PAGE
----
My suggestion is AF mode (One shot or servo) and Shooting mode (Single or continuous) independent. I suggest that you do a kind of focus bracketing by focusing in points near the bird, some just a little closer and some just a little behind in addition (of course) to exactly on the bird. OK all these assuming that the bird is static of course. In the best case you will get more/better keepers. In the worst you will just delete the extra shots afterwards.9VIII said:tron said:7D2 is not too big! And yes SL2 is a nice little camera but it does not have AFMA unfortunately.9VIII said:neuroanatomist said:hopefully this time my point will sink in.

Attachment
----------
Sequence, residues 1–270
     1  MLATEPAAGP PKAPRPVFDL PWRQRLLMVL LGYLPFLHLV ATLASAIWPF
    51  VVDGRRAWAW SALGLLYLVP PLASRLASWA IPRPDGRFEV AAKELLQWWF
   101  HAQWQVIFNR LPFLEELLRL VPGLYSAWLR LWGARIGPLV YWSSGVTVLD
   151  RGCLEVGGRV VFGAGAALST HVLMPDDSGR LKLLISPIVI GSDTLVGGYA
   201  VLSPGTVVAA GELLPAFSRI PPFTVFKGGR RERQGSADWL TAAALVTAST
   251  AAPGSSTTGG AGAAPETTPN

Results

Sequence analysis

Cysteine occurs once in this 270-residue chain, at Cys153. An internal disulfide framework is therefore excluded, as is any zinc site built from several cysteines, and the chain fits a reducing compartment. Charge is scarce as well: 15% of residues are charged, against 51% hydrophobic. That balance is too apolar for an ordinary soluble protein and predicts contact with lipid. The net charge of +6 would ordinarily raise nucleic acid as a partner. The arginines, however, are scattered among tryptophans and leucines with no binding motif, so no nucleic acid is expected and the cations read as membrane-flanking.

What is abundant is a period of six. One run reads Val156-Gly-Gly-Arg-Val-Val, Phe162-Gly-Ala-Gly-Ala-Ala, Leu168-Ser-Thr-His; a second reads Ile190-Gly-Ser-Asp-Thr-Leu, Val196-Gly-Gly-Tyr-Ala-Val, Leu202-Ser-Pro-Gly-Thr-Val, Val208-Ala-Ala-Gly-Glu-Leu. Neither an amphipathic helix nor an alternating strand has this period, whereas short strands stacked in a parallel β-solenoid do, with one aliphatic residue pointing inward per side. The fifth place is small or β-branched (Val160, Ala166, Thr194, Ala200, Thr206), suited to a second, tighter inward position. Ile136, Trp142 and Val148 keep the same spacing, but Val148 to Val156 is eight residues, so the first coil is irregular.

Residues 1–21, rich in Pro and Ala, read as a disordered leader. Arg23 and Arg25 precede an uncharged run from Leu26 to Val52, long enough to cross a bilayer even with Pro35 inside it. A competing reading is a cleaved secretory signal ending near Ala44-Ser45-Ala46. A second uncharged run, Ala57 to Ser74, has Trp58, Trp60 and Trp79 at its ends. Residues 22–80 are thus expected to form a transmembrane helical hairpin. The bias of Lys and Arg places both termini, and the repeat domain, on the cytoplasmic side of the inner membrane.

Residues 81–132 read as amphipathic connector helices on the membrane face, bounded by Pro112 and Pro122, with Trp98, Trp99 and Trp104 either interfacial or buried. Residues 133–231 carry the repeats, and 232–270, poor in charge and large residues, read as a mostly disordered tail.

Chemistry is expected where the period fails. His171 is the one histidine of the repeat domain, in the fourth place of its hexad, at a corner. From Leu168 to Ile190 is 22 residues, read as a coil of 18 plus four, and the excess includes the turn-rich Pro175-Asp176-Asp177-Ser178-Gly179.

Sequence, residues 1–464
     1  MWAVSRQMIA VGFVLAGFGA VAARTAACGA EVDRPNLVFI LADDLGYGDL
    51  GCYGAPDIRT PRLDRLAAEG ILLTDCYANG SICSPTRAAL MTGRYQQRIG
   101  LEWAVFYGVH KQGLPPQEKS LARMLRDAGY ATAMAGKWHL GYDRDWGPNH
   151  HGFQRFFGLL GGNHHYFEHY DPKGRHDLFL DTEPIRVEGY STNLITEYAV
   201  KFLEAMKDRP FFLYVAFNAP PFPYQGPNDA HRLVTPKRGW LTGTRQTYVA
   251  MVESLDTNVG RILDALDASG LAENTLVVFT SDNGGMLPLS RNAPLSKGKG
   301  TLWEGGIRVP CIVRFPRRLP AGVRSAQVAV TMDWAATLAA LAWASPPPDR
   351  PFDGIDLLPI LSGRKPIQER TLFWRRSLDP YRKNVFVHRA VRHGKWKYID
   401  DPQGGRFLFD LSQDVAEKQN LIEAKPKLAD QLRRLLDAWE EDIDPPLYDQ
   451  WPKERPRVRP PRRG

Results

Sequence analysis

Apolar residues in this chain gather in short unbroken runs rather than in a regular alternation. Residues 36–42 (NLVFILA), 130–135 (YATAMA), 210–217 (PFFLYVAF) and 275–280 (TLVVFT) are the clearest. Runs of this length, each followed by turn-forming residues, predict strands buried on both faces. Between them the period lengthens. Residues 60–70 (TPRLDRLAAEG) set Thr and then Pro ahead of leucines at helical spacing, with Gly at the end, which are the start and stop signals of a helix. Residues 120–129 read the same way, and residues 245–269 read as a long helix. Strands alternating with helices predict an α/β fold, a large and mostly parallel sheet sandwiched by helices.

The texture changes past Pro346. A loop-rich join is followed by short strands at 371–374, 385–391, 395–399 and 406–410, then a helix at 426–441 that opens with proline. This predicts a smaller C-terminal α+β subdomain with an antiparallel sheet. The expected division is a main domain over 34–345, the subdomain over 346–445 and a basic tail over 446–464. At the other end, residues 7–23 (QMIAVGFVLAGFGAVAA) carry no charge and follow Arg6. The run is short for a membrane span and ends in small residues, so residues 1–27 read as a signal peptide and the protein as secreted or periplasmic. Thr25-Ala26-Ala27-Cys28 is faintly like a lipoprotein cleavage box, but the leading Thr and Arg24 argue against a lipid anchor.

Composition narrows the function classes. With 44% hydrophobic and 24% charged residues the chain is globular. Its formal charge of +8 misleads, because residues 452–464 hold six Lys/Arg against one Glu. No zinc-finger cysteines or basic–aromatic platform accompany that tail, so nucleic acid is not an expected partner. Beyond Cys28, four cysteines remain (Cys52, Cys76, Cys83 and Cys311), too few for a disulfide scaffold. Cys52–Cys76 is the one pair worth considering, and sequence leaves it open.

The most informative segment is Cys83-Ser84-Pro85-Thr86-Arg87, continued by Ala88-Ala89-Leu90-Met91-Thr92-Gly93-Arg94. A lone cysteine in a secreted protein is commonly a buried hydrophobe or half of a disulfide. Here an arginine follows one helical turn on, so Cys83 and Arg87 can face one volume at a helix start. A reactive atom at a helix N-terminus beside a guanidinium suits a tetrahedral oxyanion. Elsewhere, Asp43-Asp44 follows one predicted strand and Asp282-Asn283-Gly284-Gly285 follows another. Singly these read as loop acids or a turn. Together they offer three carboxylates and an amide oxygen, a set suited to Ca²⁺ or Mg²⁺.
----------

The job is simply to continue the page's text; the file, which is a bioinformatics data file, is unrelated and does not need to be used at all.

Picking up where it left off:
You got twice as close to the subject, congratulations on giving a completely irrelevant example. (Just like the bird shot with the 100f2.8 Macro.)
I’ll upload a RAW file in a few days when I have access to them again.
neuroanatomist said:the 7DII is a whole helluva lot more functional than the T7.)
The functionality of the T7 is infinitely better as long as the 7D2 is left sitting on a shelf because it’s too big.
The SL2 with the internals of the 7D2 (or as close as they can get) would be the ultimate wildlife camera.
In case you are interested I have made some focusing suggestions above that may - or may not - help to mitigate the lack of AFMA (at least for static subjects).
I vaguely remember experimenting with using single shot and continuous autofocus during that shooting session, I think my conclusion was continuous does a bad job of getting things steadily in focus, at least on this camera, which may be one of the valid criticisms of the 9 point AF system on a cheap body. Single Shot AF is solid though.